As GJM exerts authority, TMC the big loser, shot in arm for Gorkhaland stir

Mamata Banerjee had managed to woo GJM vice-president Pradeep Pradhan who, in an elaborate ceremony in Kurseong switched over to the TMC. The shutdown, however, was successful in Kurseong too.

Written by Esha Roy | Kolkata | Updated: September 29, 2016 3:37 am
TMC, GJM, Gorkhaland stir, Mamata Banerjee, Mamata Banerjee, news, West Bengal news, Latest news, world news, India news West Bengal Chief Minister Mamata Banerje. Express photo

As the Gorkha Janmukti Morcha enforced a 12-hour bandh in the three sub-divisions of Darjeeling district Wednesday, it is Chief Minister Mamata Banerjee who seems to have suffered a political loss in to the hills.

Since her landslide victory in the Assembly elections this year, Mamata has been consistently working to bridge gaps and addressing chinks in her armour, most of all in North Bengal, which has consistently eluded her. Ahead of polls, when GJM spokesperson Harka Bahadur Chhetri form his Jan Andolan Party, TMC backed it in Kalimpong. Chhetri lost but helped TMC gain ground, prompting Mamata to declare Kalimpong a separate district, a long awaited demand of the people in the area.

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On Wednesday, however, even Kalimpong remained shut. GJM’s Kalimpong MLA Sarita Rai and other party cadre were detained by the police. “Because of the recent political developments Kalimpong was being considered a flashpoint. We were worried that things may turn violent in the district because of the prevailing tension between our cadre and that of the TMC. But it was very peaceful here,” said Rai who was released in the evening.

Last month, Mamata managed to woo GJM vice-president Pradeep Pradhan who, in an elaborate ceremony in Kurseong switched over to the TMC along with 6,000 supporters. The shutdown, however, was successful in Kurseong too.

“With the defections and the dip in GJM’s vote share in the polls, party chief Bimal Gurung has been visibly nervous. He has threatened to relaunch the movement for Gorkhaland. But today’s shutdown has reaffirmed that the GJM still has enough ground in the hills to swing things,” said a party insider.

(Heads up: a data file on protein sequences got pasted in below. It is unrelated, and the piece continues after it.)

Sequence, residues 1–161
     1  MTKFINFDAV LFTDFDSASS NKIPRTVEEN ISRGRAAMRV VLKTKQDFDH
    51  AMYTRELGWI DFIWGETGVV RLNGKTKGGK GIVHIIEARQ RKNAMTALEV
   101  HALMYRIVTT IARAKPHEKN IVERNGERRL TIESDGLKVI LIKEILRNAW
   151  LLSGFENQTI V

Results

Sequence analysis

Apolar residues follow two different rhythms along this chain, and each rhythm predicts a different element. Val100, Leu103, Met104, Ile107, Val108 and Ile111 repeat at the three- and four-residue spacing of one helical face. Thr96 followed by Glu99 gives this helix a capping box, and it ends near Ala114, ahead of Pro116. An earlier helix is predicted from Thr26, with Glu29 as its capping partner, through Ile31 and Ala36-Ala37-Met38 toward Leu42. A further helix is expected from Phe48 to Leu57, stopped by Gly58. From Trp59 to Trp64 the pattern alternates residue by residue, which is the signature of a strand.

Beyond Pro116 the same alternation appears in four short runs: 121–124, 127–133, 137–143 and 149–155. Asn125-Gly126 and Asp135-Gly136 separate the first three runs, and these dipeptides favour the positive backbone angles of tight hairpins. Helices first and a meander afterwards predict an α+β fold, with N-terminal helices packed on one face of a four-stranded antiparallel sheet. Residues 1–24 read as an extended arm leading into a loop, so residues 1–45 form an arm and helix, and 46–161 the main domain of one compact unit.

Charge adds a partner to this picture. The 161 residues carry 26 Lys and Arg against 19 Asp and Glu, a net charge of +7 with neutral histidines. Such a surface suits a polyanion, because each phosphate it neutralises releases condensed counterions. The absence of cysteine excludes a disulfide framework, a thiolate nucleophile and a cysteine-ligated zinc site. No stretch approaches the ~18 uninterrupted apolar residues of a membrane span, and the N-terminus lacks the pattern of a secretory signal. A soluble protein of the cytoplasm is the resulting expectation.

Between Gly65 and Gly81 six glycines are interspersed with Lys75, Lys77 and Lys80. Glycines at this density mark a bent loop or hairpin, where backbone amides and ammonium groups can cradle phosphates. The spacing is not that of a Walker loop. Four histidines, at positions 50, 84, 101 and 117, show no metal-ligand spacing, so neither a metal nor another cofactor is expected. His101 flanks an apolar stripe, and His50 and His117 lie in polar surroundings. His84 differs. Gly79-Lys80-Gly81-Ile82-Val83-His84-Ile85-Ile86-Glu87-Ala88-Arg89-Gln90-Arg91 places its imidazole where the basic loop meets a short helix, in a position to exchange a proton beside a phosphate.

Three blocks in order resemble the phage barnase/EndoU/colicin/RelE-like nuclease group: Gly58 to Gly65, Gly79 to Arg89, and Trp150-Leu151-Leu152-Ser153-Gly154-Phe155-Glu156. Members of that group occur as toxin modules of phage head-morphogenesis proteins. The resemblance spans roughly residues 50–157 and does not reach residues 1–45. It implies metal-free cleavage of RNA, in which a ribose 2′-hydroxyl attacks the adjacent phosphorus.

Political observer Upendra said that it is TMC’s “high handedness” that has started turning the tide against the ruling party once again. “Yes. the TMC was gaining ground but they still did not have more than 10-15 per cent of the vote share. The real danger is from the GNLF, the original keeper of the Gorkhaland movement which has been getting close to the TMC over the past few years. The defectors are opportunists. But the GNLF cadres are different. They are in politics for their ideals and not for political opportunism. The fear in the hills was of a stand-off between the GNLF and the GJM as both fight for Gorkhaland,” said Upendra.

Despite having permission for holding a public meeting in Darjeeling, GNLF decided to cancel and reschedule it. “They are waiting and watching. For the time bring, they don’t want to get into a direct confrontation with the GJM,” said a GJM insider.

GJM MLA Amar Rai said that despite heavy police presence not a single shop opened in Darjeeling district. “Only three tea stalls remained open an that too at the request of the police. TMC workers went from shop to shop asking them to open but the owners refused to oblige. Three ministers were sent to monitor the strike in the Hills. This proves is that what is uppermost in the mind of people here is a separate Gorkhaland,” said Rai.

Upendra, meanwhile, said that the directives from the state government set people against them. “When Aroop Biswas issues statement saying that the TMC will ensure that the shutdown doesn’t happen, it immediately set hill people against the state. A felling of us versus them inevitably creeps in. Before today it was about a strike. But after today, the way the TMC has behaved, it has now become about whether people of the hills still want a separate Gorkhaland or not,” he said.

 

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